Choosing The Right Tennis Camp
There are many options when choosing summer activities each year and with so many choices, how to you choose what is right for each child?
The key to picking a tennis camp that will be most beneficial and rewarding for your young player is by reaching out to the camps that interest you and asking a few questions to help clarify what to expect by attending a particular camp. Once you ask these questions and evaluate the answers, you will begin to see differences in each and every camp.
A few key questions to research when examining your tennis camp options are:
- Overnight vs. Day Camps
- Longevity of the Camp and experience of the Camp Director
- Staff Ratio
1. Overnight v. Day camp:
As we mentioned in part I, the first thing you must ask yourself is what type of camp are you looking for. Do you want an all-inclusive overnight camp, or prefer a day camp held close to home. With an overnight camp, you will be afforded many more options than a day camp, but the costs do rise significantly between the two.
Key Questions to Ask:
– Overnight or Day camp?
– Overnight Camp: How far away from home for the overnight camp?
– Overnight Camp: Does the camp provide transportation, or must you arrange transportation from airports and train stations?
– Day Camp: Is the camp full-day or half-day?
– Day Camp: Are there arrangements for early arrival or late departure?
2. Longevity of the Camp and experience of the director:
As mentioned in part I, one of the most important factors in a successful tennis camp is the experience of the camp director and the longevity of the camp itself. If the camp has been in business for a few years, you can feel more assured that thec amp has been a success in the past. In addition more experienced directors know the importance of staff training, full day curriculums and the balance of training, fun and safety. Less experienced directors may over value one of these areas and this could restrict the success of the camp and the camper’s experience overall.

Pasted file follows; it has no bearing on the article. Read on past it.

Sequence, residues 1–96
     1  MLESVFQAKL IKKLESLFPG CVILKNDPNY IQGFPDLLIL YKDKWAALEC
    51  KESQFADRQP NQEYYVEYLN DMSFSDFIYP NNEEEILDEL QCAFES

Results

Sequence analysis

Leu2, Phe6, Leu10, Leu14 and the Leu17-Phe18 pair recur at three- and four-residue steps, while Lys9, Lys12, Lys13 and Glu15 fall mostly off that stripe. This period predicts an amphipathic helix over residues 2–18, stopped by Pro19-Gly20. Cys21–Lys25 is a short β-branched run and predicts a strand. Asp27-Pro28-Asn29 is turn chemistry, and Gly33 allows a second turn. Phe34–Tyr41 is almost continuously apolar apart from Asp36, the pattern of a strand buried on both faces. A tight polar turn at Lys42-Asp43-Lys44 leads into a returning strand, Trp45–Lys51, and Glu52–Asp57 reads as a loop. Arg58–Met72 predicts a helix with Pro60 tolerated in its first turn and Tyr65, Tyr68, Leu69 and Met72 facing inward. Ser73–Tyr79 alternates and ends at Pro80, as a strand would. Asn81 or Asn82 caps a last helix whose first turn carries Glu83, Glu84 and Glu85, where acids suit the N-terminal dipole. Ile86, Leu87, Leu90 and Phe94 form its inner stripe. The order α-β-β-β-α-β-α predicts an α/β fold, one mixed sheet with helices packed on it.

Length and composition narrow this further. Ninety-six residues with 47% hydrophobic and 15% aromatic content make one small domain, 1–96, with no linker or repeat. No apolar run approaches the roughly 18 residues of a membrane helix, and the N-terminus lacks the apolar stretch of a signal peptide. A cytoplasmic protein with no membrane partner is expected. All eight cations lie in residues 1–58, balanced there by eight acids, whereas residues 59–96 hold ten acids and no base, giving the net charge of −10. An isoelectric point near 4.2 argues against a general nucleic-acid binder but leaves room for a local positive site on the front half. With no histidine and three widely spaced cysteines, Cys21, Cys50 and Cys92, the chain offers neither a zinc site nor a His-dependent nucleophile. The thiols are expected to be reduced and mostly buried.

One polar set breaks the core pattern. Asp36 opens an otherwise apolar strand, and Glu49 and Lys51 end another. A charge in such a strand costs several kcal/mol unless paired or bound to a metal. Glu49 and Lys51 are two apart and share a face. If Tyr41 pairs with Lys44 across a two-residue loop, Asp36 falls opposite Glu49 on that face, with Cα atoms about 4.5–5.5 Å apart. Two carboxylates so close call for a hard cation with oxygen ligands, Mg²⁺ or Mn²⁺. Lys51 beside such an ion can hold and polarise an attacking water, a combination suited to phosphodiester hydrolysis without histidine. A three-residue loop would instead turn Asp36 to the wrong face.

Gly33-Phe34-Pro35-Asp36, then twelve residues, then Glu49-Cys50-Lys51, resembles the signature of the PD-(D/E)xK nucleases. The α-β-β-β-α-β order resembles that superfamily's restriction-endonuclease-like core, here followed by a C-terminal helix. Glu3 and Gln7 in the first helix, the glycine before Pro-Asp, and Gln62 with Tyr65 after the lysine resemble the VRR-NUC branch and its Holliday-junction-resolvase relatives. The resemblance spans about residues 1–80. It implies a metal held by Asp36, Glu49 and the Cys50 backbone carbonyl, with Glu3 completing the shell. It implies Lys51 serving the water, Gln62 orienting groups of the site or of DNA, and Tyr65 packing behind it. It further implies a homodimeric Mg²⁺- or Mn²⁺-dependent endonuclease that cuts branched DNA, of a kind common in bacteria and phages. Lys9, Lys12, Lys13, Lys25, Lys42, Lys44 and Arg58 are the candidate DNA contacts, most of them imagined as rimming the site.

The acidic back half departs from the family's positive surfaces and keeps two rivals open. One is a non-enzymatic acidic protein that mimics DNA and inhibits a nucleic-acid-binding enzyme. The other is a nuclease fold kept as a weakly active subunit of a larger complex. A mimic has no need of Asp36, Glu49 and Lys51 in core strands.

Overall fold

– How long has the camp director been involved in running camps?
– Does the director have an overall camp philosophy?
– Is the director involved in the day-to-day activities at camp, or do they just set the camp up and leave it to be run by others?
– What experience does the director have working with kids this age?
– What experience does the director have working with players of a variety of experience and skill levels?
– How long has the camp been held?
– Do you have references (parents and families) that are available to speak of their experience with your camp?
3. Staff Ratio:
Staff to Camp ratio is an important factor in choosing a camp. Typically an experienced tennis camp will have a ratio between 4-6 campers per staff member. The smaller the ratio, the more personal attention you can expect from the staff as a whole. Some camps may put too many kids on each court and this will inhibit the learning experience.
Tennis camp can vary in price from less than $100 to over a $1000.Pick a budget for your child’s camp and stick to it. No matter what the budget you have, you should be able to find a camp to help your child’s tennis game.
Key Questions to Ask:
– Is the price for the week or daily?
– What does the cost included? Are there “hidden costs” or incidentals for social activities meals, equipment etc. that need to be planned for?
– Do you offer pro-rated rates if my child cannot attend the full session?
– Why is your camp more expensive than “X” camp? Can you tell me why your camp costs more (or less) than other options. (This is an important question as camps that cost significantly less often feature less experienced staff, equipment, accommodations, etc.)